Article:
- RNOR (resident but not ordinarily resident)- liable to pay tax on the income earned in India + on the income earned outside India out of a business controlled from India or a profession set-up in India and “not taxed” on any income earned outside India
- ROR (resident and ordinarily resident)- liable to pay tax on all types of incomes i.e. earn in India, earnings outside India out of a business controlled from India or a profession set-up in India and also on all other incomes earned outside India
- Salary income is taxable when received in India. Therefore, if an NRI receives salary directly to an Indian account it will be subject to Indian tax laws. This income is taxed at the slab rate it belongs to. Income from salary will be considered to arise in India if services are rendered in India. It shall be taxed in India.
- Income from a property that is situated in India is taxable for an NRI. An NRI is allowed to claim a standard deduction of 30%, deduct property taxes, and take benefit of an interest deduction if there is a home loan. The NRI is also allowed a deduction for principal repayment under Section 80C. Stamp duty and registration charges paid on the purchase of a property can also be claimed under Section 80C. Income from house property is taxed at slab rates as applicable.
- Interest income from fixed deposits and savings accounts held in Indian bank accounts is taxable in India. Interest on NRE and FCNR account is tax-free. Interest on NRO account is fully taxable.
- Any income earned by an NRI from a business controlled or set up in India is taxable in India
- A tenant who pays rent to an NRI owner must remember to deduct TDS at 30%. The income can be received to an account in India or the NRI’s account in the country he is currently residing. (A person making a remittance (a payment) to a Non-Resident Indian has to submit Form 15CA).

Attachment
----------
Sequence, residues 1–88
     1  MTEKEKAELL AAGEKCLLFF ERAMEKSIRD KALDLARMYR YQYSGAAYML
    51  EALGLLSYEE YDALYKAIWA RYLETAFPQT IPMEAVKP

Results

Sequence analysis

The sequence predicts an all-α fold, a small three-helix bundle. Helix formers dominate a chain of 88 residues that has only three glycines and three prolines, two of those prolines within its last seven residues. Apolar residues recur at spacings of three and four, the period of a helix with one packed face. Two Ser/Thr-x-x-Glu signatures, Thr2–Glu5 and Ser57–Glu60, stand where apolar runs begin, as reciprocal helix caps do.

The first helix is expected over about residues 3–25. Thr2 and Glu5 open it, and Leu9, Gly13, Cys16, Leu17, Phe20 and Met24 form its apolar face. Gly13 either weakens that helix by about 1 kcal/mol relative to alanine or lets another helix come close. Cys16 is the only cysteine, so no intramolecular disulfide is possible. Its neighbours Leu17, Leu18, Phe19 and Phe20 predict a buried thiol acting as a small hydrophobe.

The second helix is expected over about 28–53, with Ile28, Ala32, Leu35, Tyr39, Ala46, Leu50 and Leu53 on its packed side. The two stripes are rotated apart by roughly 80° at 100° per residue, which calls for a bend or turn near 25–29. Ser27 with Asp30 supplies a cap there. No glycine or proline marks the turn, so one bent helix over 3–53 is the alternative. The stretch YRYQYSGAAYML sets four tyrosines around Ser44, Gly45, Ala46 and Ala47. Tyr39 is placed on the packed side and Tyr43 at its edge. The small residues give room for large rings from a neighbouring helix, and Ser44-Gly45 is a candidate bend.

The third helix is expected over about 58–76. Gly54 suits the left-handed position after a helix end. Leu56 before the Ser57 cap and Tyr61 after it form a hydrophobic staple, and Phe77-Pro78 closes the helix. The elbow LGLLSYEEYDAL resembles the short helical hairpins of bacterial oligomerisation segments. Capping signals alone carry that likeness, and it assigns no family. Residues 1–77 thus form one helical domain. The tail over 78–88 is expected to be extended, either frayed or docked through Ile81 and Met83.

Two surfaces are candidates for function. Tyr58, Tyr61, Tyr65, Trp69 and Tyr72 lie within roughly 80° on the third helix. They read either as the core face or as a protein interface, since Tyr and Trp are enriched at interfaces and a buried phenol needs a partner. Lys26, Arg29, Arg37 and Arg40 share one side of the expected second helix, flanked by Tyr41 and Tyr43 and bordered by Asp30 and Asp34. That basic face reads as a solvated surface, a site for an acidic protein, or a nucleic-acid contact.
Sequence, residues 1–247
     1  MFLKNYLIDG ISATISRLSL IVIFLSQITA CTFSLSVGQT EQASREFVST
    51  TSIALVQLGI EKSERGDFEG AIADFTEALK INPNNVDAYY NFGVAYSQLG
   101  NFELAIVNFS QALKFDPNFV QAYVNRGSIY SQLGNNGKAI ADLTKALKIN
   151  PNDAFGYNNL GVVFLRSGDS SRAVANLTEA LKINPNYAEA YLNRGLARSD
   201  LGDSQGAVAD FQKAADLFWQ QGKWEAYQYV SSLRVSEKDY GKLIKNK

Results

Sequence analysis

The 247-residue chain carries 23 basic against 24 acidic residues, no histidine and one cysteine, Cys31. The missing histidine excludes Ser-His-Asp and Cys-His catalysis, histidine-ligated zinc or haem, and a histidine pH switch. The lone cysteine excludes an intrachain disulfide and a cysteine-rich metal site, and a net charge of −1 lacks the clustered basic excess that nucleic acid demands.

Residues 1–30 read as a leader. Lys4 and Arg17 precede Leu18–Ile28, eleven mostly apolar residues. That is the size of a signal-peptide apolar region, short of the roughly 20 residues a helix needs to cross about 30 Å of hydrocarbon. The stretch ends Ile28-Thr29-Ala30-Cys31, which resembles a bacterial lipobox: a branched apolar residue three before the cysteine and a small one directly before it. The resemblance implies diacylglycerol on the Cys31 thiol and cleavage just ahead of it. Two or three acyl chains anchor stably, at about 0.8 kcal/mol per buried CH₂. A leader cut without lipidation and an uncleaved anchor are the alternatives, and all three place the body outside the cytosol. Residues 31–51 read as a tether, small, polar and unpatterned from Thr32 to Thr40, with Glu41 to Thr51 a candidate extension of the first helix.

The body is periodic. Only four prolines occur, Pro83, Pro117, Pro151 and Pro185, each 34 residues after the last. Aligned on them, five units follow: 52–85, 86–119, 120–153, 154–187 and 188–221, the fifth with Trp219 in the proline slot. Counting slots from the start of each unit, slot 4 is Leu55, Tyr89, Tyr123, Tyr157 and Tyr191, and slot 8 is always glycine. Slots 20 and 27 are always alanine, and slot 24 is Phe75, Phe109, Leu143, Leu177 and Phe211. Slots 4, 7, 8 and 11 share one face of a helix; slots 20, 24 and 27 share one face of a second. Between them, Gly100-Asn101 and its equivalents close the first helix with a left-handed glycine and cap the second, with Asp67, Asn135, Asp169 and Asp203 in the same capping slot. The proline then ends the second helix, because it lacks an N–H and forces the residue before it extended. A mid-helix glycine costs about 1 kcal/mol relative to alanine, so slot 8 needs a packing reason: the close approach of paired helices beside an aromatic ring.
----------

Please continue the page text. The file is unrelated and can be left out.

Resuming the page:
- Any capital gain on transfer of capital asset, which is situated in India shall be taxable in India. Capital gains on investments in India in shares, securities shall also be taxable in India.
- The expatriate is a citizen of a foreign country any income that is earned by them in India shall be taxable in India. This income may have been earned by working in India or by providing services in India.
- An income, which is earned by an expatriate in India, is taxable in India irrespective of the foreign national’s citizenship or residential status. This payment may also be subjected to TDS (Tax Deducted at Source) in India. But incase if total income is less than the minimum exempt income (Rs 2,50,000 for FY 2014-15), can get a refund of this TDS by filing an Income Tax Return in India.
- When an NRI invests in certain Indian assets, he is taxed at 20%. If the special investment income is the only income the NRI has during the financial year, and TDS has been deducted on that, then such an NRI is not required to file an income tax return.
- The IT Department allows RNORs to continue to enjoy exemptions available to NRIs for a period of 2 years after their return. Therefore, deposits held in foreign currency, which are exempt for an NRI, shall be exempt to returning NRIs for 2 years. After these 2 years, returning NRIs are treated as resident individuals.
Tax Deducted at Source (TDS) from Sale of Property
NRIs who wish to sell their property in India are often confused regarding the concepts of Tax Deducted at Source, the sections applicable, the percentage for the same, and any exemptions if any. We have tried to answer them in detail and will be providing more information regarding this as well as other topics concerning NRIs in our next post.
1. What is TDS?
The concept of TDS was introduced with an aim to collect tax from the very source of income. As per this concept, a person (deductor) who is liable to make payment of specified nature to any other person (deductee) shall deduct tax at source and remit the same into the account of the Central Government. The deductee from whose income tax has been deducted at source would be entitled to get credit of the amount so deducted on the basis of Form 26AS or TDS certificate issued by the deductor.
2. How does it affect NRIs?
NRIs are subject to a Tax Deducted at Source (TDS). The Income Tax department requires that if there is capital gain arising out of sale of property in India, then the corresponding income tax should be paid in India.
Since NRIs stay outside India, it is fairly difficult to ensure Capital Tax Gain compliance after the property transaction is completed. Therefore, the Income Tax Department has set forth rules whereby it is mandatory for the buyer to deduct tax at source. This is done at the time of making payment to NRI seller. The procedure of TDS deduction is followed under section 195 of the Income Tax Act.
NRIs who sell purchased property after two years (Reduced from 3 years to 2 years in Budget 2017) from the date of purchase will incur long term capital gains tax 20%. (The gains are calculated as the difference between sale value and indexed cost of purchase. Indexed cost of purchase is nothing but the cost of purchase adjusted to inflation.)